Nation Current Affairs 14 Jul 2016 Students are our chi ...

Students are our children, says SC; refuses to stay NEET Ordinance

Published Jul 14, 2016, 4:51 pm IST
Updated Jul 14, 2016, 7:51 pm IST
SC rejects plea for centralised counselling for candidates of various entrance tests; says many states have already conducted their tests.
Supreme Court of India
 Supreme Court of India

New Delhi: The interest of lakhs of aspiring medical students weighed in the mind of the Supreme Court on Thursday as it rejected submissions seeking a stay on the Ordinance allowing states to hold their separate entrance tests besides NEET for 2016-17, saying half of them have already conducted these examinations.

A bench headed by Justice A R Dave reacted sharply to the to the contention of Attorney General Mukul Rohatgi that it should not take the Ordinance to its "ego" as it pertains to the welfare of students who have prepared for months for various state medical examinations.


"Those states which have held examinations before the Ordinance and after our order, is patently bad. It will be a total mess. Students' future are at stake and their interests need to be considered. They are our children," the bench, also comprising Justices A K Goel and Shiva Kirti Singh, said.

The court, which cast "doubt" on the Ordinance, said it was not staying it because the "interest of lakhs of students were involved" and any interference at this stage would create "chaos" as more than 50 per cent states have already held their separate tests.


"It is disturbing and not proper for the government to bring an Ordinance allowing states to hold their own tests despite our orders... Prima facie, we find that the validity of the ordinance is in doubt," the bench said while agreeing to expedite the hearing in the matter.

It also dismissed the contention for centralised counselling of successful candidates of various entrance tests, saying "50 per cent states have conducted their tests."

Rohatgi strongly opposed the challenge to the Ordinance, saying there was "nothing wrong" with it and the government was "well within its plenary right" to come up with it.


The AG said that by the time the apex court delivered its May 9 order, some states had already held entrance tests for admissions to medical colleges. "National Eligibility and Entrance Test (NEET) is a regulation framed under the MCI Act. When this court restored NEET, it became operational as a subordinate legislation. Government did not scrap or abolish it. Plenary legislation calls it Combined Entrance Examination (CEE).”

"By the Ordinace, parent law has altered the subordinate law. The judgement of this court just said that follow NEET, but it did not bar states from holding exams. It is very easy to say this becomes operative today but it is very difficult for students who have been preparing for months.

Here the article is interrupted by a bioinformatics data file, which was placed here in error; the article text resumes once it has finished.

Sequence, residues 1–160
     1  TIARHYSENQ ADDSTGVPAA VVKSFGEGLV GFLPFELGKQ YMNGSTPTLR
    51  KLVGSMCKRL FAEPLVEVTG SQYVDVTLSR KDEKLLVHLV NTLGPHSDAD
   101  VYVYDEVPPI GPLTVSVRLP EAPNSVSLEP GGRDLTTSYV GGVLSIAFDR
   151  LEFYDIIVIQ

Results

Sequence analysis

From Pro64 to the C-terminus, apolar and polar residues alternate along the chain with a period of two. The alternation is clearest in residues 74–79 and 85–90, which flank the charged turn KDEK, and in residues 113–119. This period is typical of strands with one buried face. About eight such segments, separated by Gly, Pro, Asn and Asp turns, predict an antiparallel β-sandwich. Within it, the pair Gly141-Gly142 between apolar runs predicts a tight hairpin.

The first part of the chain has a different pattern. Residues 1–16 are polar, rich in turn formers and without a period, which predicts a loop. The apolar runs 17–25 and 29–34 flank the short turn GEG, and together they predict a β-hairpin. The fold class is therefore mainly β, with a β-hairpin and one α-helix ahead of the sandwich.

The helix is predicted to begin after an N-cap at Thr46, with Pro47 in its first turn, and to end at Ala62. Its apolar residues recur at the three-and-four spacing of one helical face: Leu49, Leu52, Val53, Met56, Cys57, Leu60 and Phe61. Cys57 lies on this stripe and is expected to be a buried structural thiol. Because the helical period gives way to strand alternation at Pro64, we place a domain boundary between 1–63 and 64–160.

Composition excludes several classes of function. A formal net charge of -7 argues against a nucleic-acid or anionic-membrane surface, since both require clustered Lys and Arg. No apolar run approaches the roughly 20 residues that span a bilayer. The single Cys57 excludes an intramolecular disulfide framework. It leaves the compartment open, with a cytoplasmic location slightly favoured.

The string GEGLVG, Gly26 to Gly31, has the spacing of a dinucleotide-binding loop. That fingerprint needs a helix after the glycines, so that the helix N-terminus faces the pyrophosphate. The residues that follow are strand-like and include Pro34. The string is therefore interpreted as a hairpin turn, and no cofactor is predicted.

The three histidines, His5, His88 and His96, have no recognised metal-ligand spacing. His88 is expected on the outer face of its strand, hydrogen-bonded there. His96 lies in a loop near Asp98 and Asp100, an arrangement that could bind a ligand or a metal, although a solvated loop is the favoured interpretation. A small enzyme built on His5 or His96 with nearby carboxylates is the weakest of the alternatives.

"When the plea seeking quashing of May 24 ordinance came for hearing, this court refused to grant any relief. Let's keep that aside. Much water has flown since them. The petitioner is neither a student, nor does he represent students. Whose interest is this," Rohatgi asked.

The bench expressed displeasure over AG's submission and said, "We are discussing about students. This is patently bad. How can you do that? ... 17 states have already taken their entrance exams and 4 states conducted their exams just after our verdict and before the ordinance. This is not in good taste, this is not proper. The difficulty will be to the students."


Senior advocate Amarendra Sharan, appearing for NGO Sankalp, sought quashing of the ordinance, saying it was a "violation" of the Supreme Court order by the government. "It is not about an individual. It is about institution (Supreme Court). If a judgement has been passed, the basis of the judgement has to be seen. The ordinance defers NEET by one year. Final order passed by this court must be obeyed by the government. In substance, the ordinance stays the SC order by one year. The ordinance has created a lot of confusion," he said.


Rohatgi opposed Sharan's submission and said the judgement in the case was still to be passed and the apex court had only passed interim orders.

Senior Advocate Vivek Tankha, appearing for Indore-based doctor Anand Rai, said the Supreme Court had paved way for single-window NEET, reinstating the faith of students who had lost belief in state exams. "The Centre has made the exception by issuing an ordinance for one-year under pressure. And next year also, they might grant an injunction for some other reason. Students were happy with NEET but now the state exams have come," Tankha said.


The court further said, "This year you have exempted states from NEET. This is contrary and in violation to our orders. Prima facie it is not according to our judgement. Somehow this was not warranted. It is not good for students. There must be some uniformity. Minimum standards have to be set up."

The AG replied "Where is the question of blame? The date of entrance exams by states is declared much in advance. Please do not take this as 'ego'. To this, the court said "We don't have any ego. Don't think on that line. Please, don't take an adversarial stand."


Location: India, Delhi, New Delhi